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Hoffmann, R. A wiki for the life sciences where authorship matters. Nature Genetics (2008)

Biochemical effects on germ-free mice of association with several strains of anaerobic bacteria.

The effects of the following changes throughout the association of germ-free mice with increasing numbers of anaerobic bacteria were studied: (i) elution patterns obtained by gel-filtration chromatography of caecal diffusates; (ii) concentration of beta-aspartylglycine in caecal and faecal contents; (iii) polypeptide patterns obtained by sodium dodecyl sulphate-polyacrylamide gel electrophoresis of caecal supernatants; (iv) free amino acid content of caecal supernatants; (v) faecal bile acids, analysed by gas-liquid chromatography; (vi) colonization-resistance. The results indicate that monitoring the normalization (association) process can be accomplished in several ways, but the level of colonization-resistance is most easily measured by high-voltage paper electrophoresis of faecal supernatants to determine the concentration of beta-aspartylglycine. During association, the concentration of beta-aspartylglycine decreased and became undetectable after association with 40 to 50 different strains of bacteria. There was a good negative correlation between the level of colonization-resistance and the concentration of beta-aspartylglycine.[1]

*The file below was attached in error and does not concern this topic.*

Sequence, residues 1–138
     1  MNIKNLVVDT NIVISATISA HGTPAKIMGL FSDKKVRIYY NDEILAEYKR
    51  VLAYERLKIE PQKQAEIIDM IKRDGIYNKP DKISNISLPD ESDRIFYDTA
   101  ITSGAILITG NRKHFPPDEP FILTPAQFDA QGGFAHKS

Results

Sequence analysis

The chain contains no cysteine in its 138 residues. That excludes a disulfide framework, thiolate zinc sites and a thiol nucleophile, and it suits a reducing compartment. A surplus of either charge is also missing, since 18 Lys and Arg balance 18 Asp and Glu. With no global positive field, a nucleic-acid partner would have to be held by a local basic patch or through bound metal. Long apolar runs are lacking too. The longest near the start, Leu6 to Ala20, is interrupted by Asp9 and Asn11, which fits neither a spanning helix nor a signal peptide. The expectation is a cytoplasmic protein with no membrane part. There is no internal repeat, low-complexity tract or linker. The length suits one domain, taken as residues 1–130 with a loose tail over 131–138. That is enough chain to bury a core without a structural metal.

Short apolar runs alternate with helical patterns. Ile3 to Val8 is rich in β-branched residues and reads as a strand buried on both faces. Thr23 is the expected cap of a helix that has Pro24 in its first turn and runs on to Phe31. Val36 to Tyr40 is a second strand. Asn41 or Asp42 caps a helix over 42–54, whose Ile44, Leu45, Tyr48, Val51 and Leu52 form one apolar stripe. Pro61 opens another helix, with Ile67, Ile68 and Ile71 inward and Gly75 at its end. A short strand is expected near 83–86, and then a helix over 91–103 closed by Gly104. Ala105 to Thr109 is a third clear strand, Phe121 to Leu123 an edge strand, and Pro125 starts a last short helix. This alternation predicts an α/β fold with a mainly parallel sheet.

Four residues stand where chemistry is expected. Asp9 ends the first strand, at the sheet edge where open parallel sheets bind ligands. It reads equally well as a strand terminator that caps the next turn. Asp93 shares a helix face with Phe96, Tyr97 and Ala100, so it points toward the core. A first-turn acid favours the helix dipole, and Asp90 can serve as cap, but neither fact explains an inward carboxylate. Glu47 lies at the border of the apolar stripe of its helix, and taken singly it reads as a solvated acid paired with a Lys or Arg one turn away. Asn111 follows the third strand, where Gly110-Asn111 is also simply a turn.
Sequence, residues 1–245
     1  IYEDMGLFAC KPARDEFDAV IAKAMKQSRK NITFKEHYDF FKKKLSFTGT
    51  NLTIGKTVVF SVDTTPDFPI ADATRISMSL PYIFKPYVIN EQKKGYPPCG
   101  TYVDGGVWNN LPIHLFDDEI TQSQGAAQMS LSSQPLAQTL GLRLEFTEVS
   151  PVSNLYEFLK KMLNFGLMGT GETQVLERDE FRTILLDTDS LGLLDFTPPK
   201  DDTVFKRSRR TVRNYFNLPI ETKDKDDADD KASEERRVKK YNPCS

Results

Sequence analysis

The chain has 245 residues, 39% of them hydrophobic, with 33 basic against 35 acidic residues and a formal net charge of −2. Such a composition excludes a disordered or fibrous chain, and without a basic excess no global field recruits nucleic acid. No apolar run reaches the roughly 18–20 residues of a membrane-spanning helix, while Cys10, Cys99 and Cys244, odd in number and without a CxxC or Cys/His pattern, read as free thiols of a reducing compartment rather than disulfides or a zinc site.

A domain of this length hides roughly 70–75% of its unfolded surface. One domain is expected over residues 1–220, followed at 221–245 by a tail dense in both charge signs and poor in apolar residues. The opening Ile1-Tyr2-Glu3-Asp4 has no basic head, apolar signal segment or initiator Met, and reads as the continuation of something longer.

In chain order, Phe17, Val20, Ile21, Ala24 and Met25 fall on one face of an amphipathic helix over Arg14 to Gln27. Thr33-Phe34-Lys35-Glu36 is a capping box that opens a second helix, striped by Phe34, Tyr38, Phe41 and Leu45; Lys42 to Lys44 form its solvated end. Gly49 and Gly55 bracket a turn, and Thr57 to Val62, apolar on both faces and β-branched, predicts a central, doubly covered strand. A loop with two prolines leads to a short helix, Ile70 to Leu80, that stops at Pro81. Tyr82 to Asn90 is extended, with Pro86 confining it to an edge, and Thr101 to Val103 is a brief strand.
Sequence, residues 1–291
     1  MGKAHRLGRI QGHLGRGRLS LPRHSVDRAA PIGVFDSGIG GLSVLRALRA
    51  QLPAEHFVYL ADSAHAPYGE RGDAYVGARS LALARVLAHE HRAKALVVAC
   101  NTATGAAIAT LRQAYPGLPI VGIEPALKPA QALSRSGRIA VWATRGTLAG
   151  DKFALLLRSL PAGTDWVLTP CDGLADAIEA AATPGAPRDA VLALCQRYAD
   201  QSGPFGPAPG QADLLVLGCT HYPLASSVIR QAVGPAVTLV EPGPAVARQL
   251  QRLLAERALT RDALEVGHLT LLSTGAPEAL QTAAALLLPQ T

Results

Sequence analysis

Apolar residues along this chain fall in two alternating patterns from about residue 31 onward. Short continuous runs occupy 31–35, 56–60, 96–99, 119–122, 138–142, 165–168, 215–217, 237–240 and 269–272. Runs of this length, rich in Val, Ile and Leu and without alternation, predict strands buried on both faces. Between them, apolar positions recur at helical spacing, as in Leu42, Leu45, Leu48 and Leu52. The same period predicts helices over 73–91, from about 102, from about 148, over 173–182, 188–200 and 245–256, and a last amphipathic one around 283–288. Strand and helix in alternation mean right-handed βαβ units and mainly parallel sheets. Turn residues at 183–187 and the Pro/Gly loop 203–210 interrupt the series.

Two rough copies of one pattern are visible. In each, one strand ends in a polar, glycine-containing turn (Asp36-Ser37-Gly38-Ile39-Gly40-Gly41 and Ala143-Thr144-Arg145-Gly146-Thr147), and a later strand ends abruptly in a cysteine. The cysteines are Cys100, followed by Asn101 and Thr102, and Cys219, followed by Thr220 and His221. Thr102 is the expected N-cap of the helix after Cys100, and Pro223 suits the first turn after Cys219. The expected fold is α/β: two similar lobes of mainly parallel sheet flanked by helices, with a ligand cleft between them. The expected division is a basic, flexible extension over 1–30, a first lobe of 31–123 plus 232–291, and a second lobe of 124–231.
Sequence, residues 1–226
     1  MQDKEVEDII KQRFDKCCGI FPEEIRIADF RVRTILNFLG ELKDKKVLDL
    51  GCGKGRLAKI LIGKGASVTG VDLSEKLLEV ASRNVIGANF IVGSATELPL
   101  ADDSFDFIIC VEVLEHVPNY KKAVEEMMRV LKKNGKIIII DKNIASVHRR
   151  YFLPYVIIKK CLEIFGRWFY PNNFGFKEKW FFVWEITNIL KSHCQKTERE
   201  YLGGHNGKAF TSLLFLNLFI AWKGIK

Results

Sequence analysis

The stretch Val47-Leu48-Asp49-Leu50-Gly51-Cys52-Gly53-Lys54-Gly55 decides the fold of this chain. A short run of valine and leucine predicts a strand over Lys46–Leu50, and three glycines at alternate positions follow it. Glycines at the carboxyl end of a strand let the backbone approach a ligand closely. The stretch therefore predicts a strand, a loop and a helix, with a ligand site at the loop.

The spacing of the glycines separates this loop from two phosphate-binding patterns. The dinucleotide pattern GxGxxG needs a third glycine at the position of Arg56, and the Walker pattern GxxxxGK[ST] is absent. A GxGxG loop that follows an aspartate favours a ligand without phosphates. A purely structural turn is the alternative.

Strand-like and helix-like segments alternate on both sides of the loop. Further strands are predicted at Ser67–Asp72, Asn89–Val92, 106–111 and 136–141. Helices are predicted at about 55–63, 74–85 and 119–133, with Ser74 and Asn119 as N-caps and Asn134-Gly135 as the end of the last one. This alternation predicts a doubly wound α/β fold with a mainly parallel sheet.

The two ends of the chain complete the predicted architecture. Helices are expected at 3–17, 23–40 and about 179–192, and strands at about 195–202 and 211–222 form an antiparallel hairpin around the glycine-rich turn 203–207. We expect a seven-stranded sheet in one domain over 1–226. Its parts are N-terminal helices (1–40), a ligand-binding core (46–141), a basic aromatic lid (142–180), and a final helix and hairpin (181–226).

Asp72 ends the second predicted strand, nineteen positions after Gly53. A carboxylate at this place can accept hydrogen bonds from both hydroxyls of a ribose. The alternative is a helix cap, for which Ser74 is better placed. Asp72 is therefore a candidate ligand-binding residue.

1. Biochemical effects on germ-free mice of association with several strains of anaerobic bacteria. Welling, G.W., Groen, G., Tuinte, J.H., Koopman, J.P., Kennis, H.M. J. Gen. Microbiol. (1980) [Pubmed]
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